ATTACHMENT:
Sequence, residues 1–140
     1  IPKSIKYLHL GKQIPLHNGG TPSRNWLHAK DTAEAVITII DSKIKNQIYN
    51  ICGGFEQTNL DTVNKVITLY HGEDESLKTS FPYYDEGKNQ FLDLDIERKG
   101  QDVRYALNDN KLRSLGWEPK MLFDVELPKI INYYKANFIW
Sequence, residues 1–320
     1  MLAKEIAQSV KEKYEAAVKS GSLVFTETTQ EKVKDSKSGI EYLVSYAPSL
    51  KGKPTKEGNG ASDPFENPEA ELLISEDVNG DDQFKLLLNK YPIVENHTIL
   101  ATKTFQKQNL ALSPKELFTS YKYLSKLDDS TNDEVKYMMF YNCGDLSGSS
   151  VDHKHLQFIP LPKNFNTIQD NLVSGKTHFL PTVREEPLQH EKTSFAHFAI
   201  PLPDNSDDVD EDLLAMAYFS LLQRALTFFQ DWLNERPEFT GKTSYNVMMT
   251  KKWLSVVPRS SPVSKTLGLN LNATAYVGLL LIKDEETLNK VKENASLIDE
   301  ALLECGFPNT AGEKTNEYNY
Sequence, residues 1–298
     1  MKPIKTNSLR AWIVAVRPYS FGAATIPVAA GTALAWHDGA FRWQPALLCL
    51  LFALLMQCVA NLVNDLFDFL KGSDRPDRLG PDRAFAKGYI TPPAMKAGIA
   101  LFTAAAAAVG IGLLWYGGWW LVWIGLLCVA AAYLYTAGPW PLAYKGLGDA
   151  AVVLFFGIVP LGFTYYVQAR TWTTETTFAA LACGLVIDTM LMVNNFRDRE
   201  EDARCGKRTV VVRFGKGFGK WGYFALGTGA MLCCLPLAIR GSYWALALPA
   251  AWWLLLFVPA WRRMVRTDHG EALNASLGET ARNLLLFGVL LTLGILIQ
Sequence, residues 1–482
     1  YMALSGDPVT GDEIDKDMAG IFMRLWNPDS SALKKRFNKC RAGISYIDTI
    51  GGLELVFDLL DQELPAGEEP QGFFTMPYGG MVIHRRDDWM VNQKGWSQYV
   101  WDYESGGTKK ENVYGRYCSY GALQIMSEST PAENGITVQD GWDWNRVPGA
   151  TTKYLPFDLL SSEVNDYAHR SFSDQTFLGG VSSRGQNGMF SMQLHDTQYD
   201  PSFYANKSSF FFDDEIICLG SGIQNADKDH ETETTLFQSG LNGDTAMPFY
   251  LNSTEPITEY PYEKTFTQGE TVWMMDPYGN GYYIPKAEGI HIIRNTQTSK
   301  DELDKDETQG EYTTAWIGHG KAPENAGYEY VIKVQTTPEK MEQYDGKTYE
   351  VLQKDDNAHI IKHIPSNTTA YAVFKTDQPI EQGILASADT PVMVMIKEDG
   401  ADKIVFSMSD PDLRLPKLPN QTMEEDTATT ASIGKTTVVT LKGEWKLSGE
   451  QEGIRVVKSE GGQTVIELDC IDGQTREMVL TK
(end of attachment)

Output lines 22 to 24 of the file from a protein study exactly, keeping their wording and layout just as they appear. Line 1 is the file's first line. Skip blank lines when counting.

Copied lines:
    51  GGLELVFDLL DQELPAGEEP QGFFTMPYGG MVIHRRDDWM VNQKGWSQYV
   101  WDYESGGTKK ENVYGRYCSY GALQIMSEST PAENGITVQD GWDWNRVPGA
   151  TTKYLPFDLL SSEVNDYAHR SFSDQTFLGG VSSRGQNGMF SMQLHDTQYD